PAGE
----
a chinwag with artist katie benn
In case you missed it: subscribers now get a bonus poster with every issue. Woohoo! Inside frankie 103, you'll find some helpful reminders to pin to your wall, courtesy of artist Katie Benn. We chatted to Katie about art, creativity and finding unlikely inspiration in her tax return.
Tell us a little about your art and creative style. My work has always been a means of self discovery. My personal work centres around my inner world – I'm trying to make sense of my existence, which takes many forms. My overall creative style can be traced back to when I was little, flipping through my dad's old advertising books and helping him with his projects. He was a graphic designer and worked with big, chunky shapes and colours. I find bits of my dad in my work often. As I've gotten older, I've moved towards making stuff that looks like it was formed by human hands. I find that it allows me to be more free and unencumbered by design ‘rules’.
When and how did you first begin making art? I started making things all the time when I was a kid and I guess I never really stopped. Drawing, painting and using my imagination has always been at the forefront of my life experience. Art is my best friend and my favourite way to process life and emotions. I grew up around a lot of creative people, so art supplies and instruments were always around me. I was never really bored for long as a kid.
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How did your ‘It’s fine’ artwork come to be? I was in the process of preparing my taxes for 2020. I was stressed out and overwhelmed – like a lot of people, I'm sure – particularly because I'm in the US and self-employed and it was 2020. I felt like a little kid about to have a tantrum, and this part of me that sounded more like a parent just said, “All right, it’s fine – at least you’ve started and you’re working on it. It’s cool, it will get done. This is great.” And I was able to keep going.
A part of myself was like, "WOW GET A GRIP!" but in the nicest way possible. It was exactly what I needed, so I wrote it down in oil pastel so I could remember it. Then I shared it on my Instagram because I thought maybe someone else might need to hear it, too. Our own self-talk can be the worst sometimes, but if we get better at catching ourselves, it can help us cope.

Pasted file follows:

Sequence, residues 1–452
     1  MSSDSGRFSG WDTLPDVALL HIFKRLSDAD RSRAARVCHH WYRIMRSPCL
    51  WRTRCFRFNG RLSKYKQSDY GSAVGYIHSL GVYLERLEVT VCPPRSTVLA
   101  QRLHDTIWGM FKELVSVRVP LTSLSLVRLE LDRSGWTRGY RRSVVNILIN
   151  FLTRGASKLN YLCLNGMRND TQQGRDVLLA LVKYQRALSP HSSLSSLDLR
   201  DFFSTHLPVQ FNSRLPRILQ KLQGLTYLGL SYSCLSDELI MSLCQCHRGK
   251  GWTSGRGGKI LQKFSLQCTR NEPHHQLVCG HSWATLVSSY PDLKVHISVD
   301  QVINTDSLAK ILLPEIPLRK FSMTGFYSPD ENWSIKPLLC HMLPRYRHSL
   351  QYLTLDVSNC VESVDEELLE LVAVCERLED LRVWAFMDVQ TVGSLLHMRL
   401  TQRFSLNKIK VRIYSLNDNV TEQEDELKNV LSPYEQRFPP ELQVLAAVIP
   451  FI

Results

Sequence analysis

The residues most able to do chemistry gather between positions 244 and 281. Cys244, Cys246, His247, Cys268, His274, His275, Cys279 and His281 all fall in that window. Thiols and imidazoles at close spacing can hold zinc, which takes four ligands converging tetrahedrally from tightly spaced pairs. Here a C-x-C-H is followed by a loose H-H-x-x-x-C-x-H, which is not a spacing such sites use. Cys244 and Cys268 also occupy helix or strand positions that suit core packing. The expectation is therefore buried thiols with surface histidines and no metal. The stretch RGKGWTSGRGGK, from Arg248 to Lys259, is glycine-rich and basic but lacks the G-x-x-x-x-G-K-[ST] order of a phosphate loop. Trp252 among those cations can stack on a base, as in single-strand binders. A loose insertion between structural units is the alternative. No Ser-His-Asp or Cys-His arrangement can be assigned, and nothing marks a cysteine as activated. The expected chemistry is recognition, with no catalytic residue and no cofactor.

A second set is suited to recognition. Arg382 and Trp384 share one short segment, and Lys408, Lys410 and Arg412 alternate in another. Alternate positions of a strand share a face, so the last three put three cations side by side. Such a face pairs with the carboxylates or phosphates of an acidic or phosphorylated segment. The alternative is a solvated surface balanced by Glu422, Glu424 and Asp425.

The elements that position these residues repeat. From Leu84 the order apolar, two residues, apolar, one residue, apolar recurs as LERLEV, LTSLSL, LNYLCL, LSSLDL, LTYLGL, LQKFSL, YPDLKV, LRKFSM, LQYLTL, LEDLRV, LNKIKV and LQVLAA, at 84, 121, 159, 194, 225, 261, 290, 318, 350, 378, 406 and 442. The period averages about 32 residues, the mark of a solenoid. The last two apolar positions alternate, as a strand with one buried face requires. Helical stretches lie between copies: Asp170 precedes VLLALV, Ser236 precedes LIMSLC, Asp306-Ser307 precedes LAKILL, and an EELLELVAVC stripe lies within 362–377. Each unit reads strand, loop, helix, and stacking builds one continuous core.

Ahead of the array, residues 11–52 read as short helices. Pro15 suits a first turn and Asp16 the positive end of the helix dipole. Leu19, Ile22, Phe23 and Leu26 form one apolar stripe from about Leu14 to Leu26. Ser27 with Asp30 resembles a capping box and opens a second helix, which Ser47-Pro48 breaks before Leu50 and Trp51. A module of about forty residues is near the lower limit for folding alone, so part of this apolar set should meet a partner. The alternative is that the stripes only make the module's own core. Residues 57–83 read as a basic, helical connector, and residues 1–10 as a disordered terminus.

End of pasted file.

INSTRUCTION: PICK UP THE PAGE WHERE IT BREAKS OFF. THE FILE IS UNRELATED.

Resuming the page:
Where do you find inspiration? Aside from making things, looking at things is my other favourite thing to do. My mum always said walking me home from school when I was little took forever because I’d be picking everything up and stopping and looking at it. I don’t think I’ve changed much in that regard. I can have a good time anywhere if I have space to wander. Whether I'm at a grocery store, museum or bus stop, it doesn’t really matter.
I get most excited when I discover a new way to express a feeling. l get excited thinking how I can share it in my work in a way where I can invoke that feeling or sense of wonder. When I sit down to start creating, the act of making morphs the idea and something new appears. I’m particularly thrilled by all the little unconscious choices along the way. It’s the quiet bits of you seeping out of the depths and being allowed to speak.
What’s next on your 'to-draw' list? I’m working on a handful of client projects at the moment, so those are top of the list. For my personal work, I’ve been writing a bunch lately, which has led me down an interesting path, and I’m excited to begin getting really weird drawing things. I don’t know entirely where I’m going, but in my experience, that’s when the best stuff happens.